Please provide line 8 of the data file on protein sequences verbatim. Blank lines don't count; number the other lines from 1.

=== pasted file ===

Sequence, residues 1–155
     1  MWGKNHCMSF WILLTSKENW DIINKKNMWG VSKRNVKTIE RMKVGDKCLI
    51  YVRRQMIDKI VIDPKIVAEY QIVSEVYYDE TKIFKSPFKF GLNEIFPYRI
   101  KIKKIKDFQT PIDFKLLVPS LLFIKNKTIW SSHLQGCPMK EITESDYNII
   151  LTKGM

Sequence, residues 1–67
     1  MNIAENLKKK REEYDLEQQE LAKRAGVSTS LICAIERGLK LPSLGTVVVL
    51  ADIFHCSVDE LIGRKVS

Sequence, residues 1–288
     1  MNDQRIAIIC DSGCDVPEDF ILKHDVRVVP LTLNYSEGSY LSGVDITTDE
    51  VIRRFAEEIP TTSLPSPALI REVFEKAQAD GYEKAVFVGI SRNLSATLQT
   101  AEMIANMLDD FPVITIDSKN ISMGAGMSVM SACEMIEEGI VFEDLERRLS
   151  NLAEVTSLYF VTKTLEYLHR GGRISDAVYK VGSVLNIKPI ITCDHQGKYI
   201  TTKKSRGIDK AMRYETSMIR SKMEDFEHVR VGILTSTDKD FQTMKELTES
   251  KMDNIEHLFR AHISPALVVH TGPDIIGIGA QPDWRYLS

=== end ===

    51  ADIFHCSVDE LIGRKVS